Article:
Letter from Cornelius Kollock to his mother on life in the military, c. June 1917
Housed at the South Caroliniana Library, the Cornelius Kollock papers describe the experience of Cornelius Kollock, a young soldier preparing for and fighting in World War I. In this letter dated June of 1917 to his mother, he describes how busy his week has been with exams. In acknowledging a previous letter from his mother, he expresses his sadness about the news of Daniel. Additionally, he relates the purchasing of blankets and sweaters. He closes with a brief mention of the Trench Officers who, in his words, “are all very young and are enjoying themselves very much.”
Kollock, Cornelius, to mother from Camp Jackson, SC, c. June 1917. Cornelius Kollock Papers, folder 10. South Caroliniana Library, Columbia, South Carolina.
[c. June 1917]
Dear Mama: -
We have not had much time to our selves this week. We are preparing for another examination tomorrow. I think we are going to have them right along now on different subjects as we take them up. I haven’t heard anything from the other one yet, but I hope I passed it.
I didn’t know that (illegible) Daniel was on that boat, and I didn’t know anything about it until I got your letter. It certainly is sad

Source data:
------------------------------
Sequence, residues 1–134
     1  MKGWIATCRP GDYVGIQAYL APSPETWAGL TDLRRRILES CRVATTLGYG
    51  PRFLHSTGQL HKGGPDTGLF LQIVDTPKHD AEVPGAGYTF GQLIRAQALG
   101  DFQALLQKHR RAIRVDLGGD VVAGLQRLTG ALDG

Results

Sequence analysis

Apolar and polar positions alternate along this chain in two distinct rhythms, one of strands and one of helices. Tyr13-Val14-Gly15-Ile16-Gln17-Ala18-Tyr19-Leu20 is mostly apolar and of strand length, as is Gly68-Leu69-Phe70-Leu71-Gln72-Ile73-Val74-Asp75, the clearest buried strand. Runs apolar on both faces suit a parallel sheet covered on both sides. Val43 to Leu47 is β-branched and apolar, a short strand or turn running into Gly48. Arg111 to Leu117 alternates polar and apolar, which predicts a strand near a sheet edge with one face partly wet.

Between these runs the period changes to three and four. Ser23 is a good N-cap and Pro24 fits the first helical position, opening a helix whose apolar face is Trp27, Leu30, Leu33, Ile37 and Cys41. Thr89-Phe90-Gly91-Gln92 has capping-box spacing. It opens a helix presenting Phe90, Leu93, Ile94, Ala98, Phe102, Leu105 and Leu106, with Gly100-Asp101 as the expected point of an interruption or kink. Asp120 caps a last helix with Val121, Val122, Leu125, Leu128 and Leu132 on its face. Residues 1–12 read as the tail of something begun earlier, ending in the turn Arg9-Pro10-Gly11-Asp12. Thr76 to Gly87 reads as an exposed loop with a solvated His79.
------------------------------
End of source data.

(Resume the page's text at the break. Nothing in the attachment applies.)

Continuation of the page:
I can get the kind of sweater I want over here for seven dollars. And I have gotten my blankets from the sweater maker they cost me four and a half dollars, I got three so I have all the cover I need now.
The men are holding a singing meet upstairs now. I think they have sung every thing in all the song books of all the churches.
We are to have a lecture tomorrow night by one of the Trench Officers. I expect it will be very interesting. They are all very young and are enjoying themselves very much. They come to all the dances but do not dance
Standard 5-3: The student will demonstrate an understanding of major domestic and foreign developments that contributed to the United States’ becoming a world power.
Indicator 5-3.6 Summarize actions by the United States that contributed to the rise of this nation as a world power, including the annexation of new territory following the Spanish-American War and the role played by the United States in the building of the Panama Canal and in World War I.